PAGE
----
what is hydro testing US Fusion

Hydro Testing Process

Here are five steps for what the general hydro testing process looks like for plastic pipe or HDPE pipe applications:

  1. Fill up the pipe system completely with water. 
  2. Remove all air within the system (this is done by filling completely with water). 
  3. Pressurize the system up to 1 ½ times its design pressure limit. 
  4. Hold this pressure for a specified amount of time. 
  5. Inspect the pipe system for leaks. Sometimes pipe specialists use dyes to find the exact location of any leaks.

Why Is Hydro Testing Important? 

Hydro testing isn’t just a recommendation. In most cases, it’s a post-installation requirement. 

Hydro testing is so important because it helps to ensure that the system passes inspection and safety standards for plastic piping. It’s a proactive approach that reduces the chance of an emergency and ensures the safety of your people, facilities, and environment. It also helps you save resources and money because you can catch leaks before they become a larger issue.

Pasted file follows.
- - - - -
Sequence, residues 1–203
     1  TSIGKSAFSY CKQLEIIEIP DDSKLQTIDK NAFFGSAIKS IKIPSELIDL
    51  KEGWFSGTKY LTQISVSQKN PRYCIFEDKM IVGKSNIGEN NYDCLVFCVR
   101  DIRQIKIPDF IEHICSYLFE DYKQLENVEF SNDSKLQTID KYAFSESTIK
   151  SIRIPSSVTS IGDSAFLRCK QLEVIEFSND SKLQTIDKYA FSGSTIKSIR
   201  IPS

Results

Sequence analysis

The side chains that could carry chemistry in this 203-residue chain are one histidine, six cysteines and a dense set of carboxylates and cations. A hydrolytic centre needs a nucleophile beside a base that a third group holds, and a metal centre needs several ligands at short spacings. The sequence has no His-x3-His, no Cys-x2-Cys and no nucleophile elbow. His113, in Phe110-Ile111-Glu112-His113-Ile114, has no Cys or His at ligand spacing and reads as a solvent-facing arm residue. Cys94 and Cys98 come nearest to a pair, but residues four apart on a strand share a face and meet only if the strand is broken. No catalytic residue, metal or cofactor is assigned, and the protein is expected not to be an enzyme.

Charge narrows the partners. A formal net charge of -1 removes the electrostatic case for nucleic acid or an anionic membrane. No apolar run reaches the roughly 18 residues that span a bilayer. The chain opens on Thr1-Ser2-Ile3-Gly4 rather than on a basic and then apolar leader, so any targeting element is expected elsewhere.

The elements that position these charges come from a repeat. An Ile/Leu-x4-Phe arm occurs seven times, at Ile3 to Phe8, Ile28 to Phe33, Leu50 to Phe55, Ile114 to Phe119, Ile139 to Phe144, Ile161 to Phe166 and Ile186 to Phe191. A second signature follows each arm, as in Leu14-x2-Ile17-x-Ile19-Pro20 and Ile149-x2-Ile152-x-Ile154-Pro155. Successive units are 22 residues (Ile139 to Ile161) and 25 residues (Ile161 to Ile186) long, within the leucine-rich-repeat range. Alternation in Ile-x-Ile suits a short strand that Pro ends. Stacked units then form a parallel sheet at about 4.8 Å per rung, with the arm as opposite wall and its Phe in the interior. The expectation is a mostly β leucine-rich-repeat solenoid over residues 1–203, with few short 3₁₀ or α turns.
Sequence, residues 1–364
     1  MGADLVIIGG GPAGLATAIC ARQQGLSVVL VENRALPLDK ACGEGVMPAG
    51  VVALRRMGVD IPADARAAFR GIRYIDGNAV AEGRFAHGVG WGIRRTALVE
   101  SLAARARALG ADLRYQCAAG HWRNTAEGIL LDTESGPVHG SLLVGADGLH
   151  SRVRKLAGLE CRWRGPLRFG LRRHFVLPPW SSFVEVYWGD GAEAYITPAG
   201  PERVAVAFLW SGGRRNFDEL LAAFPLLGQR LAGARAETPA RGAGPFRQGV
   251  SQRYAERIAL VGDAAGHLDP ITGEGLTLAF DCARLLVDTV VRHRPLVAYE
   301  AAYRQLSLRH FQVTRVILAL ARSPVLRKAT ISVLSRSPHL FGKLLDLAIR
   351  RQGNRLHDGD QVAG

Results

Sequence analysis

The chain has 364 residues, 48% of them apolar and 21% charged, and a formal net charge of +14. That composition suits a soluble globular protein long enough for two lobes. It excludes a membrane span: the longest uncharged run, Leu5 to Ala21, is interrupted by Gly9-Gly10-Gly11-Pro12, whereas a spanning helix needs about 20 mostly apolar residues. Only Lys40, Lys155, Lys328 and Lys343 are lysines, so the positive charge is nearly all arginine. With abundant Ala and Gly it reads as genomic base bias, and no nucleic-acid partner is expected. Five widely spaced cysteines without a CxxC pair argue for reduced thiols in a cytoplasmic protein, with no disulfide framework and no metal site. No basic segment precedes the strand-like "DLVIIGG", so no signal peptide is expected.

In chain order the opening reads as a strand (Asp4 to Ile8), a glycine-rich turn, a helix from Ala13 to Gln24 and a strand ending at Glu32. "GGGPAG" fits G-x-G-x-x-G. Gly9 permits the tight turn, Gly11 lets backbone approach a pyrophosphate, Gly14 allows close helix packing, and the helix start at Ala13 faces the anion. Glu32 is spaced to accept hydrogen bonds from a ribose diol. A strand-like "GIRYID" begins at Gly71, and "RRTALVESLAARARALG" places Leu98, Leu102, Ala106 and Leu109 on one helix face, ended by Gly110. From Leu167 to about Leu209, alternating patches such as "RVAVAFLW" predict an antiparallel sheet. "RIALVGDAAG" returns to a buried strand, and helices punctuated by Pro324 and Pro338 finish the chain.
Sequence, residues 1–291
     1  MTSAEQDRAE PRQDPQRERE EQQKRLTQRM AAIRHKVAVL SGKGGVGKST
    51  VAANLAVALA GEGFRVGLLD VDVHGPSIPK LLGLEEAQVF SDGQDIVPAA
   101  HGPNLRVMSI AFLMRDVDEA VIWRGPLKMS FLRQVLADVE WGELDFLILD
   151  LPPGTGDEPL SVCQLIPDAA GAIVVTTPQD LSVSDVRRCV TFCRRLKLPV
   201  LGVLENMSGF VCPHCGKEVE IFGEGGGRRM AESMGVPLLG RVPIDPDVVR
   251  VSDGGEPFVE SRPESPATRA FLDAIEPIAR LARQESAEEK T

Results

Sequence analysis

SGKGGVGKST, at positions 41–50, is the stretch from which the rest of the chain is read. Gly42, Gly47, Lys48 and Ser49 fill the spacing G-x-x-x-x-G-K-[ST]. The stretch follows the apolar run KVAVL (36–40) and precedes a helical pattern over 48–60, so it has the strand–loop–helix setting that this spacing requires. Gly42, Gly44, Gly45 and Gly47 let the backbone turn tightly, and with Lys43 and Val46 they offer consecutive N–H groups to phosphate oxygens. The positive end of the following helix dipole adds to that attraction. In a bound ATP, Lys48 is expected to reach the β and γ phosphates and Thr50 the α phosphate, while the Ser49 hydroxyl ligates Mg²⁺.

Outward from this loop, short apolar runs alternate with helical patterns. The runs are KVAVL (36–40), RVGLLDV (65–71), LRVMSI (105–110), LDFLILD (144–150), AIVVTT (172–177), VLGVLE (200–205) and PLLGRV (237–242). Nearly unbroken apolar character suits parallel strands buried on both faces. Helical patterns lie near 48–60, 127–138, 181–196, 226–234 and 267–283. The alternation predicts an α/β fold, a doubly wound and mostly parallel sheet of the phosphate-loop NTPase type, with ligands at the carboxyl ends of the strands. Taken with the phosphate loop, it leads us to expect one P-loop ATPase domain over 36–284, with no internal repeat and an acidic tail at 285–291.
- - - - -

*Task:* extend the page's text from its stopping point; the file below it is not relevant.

3 Hydro Testing Methods for Plastic Pipe Systems

There are three common hydro testing methods used for plastic pipe systems and other vessels/cylinders. There are certainly other methods that specialists use, but these popular ones will help give you a better understanding of what any test typically involves. 

Water Jacket Method

The pipe system is filled with water and loaded into a sealed chamber called a test jacket. The test jacket is also filled with water. The pipe is then pressurized inside the test jacket for a specific amount of time, causing it to expand within the test jacket. This results in water being forced out into a glass tube that measures total expansion. That expansion is recorded, then the pipe is depressurized, and then it shrinks to its original size.

Direct Expansion Method

The pipe system is filled with a certain amount of water, then pressurized. Then the amount of water that’s expelled upon pressure release is measured. The permanent expansion and total expansion values are calculated using the amount of water forced into the pipe, the test pressure, and the amount of water expelled.

Proof Pressure Method

Internal pressure is applied to the pipe to see if it has any leaks or weaknesses in the wall lining. In the United States, the proof pressure method is only permitted when the Code of Federal Regulations (CFR) doesn’t require permanent and total expansion values to be recorded. 

Trust US FUSION For Your Plastic Pipe & Hydro Testing Needs

Hydro testing is an important practice to ensure plastic pipes are installed and working properly on your site. If you need help completing this specialized process, contact the experts at US FUSION. With decades of industry experience, we have the knowledge and mastery it takes to get quick, accurate results.